Exploring the human microcosmos: Part 1- Cheek cells

It’s always fun to revisit simple experiments and test it out with the foldscope. In this post, I wanted to see my own cheek cells. Now, if you search on the microcosmos website, you’ll come across many posts on cheek cells, but I hope to share one interesting insight, making the case that it’s worthwhile re-doing something others have done- you never know what you’ll find!

 

This experiment is very simple. Find a bamboo/plastic toothpick. Scrub your inner cheek for ~20 seconds. Rub the toothpick on a slide and cover with a cover-slip. Thats it!

Here’s the first thing I saw. Plenty of cheek cells!! Very clear and beautiful. If you look carefully, you should see the circular nucleus in the center.

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Now, here’s where it becomes interesting. Looking carefully, I could convince myself that the tiny ‘dots’ were actually bacteria – it wouldn’t be surprising – our mouths are filled with microorganisms. So, I decided to take some videos.

In this video, the first thing that amazed me was the large no. of cheek cells. I wonder if thats why a cheek swab is used to obtain dna for testing – there should be plenty of DNA to get a good read.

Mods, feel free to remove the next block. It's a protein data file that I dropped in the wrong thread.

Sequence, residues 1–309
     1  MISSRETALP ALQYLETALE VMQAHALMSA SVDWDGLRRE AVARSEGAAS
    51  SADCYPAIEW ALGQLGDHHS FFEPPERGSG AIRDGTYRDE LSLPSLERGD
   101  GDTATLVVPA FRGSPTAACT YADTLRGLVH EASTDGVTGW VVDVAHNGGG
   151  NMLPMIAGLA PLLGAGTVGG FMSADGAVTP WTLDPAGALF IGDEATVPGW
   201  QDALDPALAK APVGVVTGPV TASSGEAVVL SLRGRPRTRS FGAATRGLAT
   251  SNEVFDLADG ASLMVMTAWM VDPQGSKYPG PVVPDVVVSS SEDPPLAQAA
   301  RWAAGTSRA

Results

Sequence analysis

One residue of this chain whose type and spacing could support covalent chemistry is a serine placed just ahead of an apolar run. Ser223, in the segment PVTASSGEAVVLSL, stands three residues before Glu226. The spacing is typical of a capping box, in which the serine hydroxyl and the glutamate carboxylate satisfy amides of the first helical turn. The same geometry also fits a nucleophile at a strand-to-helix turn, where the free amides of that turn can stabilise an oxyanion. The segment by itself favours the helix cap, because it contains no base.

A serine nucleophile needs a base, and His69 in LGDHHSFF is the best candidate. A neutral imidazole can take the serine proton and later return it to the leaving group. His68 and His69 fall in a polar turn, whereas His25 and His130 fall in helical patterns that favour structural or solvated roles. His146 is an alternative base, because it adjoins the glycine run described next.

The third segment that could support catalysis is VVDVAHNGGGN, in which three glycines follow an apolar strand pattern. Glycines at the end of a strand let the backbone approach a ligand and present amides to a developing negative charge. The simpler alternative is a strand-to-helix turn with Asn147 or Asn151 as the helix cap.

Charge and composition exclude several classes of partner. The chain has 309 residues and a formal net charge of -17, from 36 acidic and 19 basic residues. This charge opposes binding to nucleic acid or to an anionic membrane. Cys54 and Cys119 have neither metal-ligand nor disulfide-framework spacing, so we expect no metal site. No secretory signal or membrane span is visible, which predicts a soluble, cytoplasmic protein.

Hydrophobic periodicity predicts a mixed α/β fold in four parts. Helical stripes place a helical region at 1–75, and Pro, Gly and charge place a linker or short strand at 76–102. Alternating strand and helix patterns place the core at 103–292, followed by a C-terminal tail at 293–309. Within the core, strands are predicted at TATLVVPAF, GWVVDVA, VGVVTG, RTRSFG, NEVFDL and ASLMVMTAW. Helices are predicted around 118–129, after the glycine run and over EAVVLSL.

Here’s where I first observed a moving microorganisms. We thought its a bacteria – but I find it hard to believe. I wonder if its a Spirochaete? I know Manu has a post on them in his teeth scrapings..

Now Josh and I got pretty excited – in the next video, you can again make out moving tiny dots and rotating specks.

And this is the final longer video – I’ll leave it to you to find all the tiny moving bacteria in this video – and convince yourself that indeed, you’re mouth is teeming with all kinds of little creatures.

The point of this simple post is that many of you would have seen cheek cells in high school. However, I posit to you that doing it yourself is a rewarding exercise, specially with a foldscope. Even though you know what to expect, the foldscope lowers the discovery barrier in a marvelous way enabling you to make your own unexpected observations.

Last but not the least, cheek cells, and finding bacteria is also a simple experiment to practice your foldscoping skills. Because practice makes perfect!

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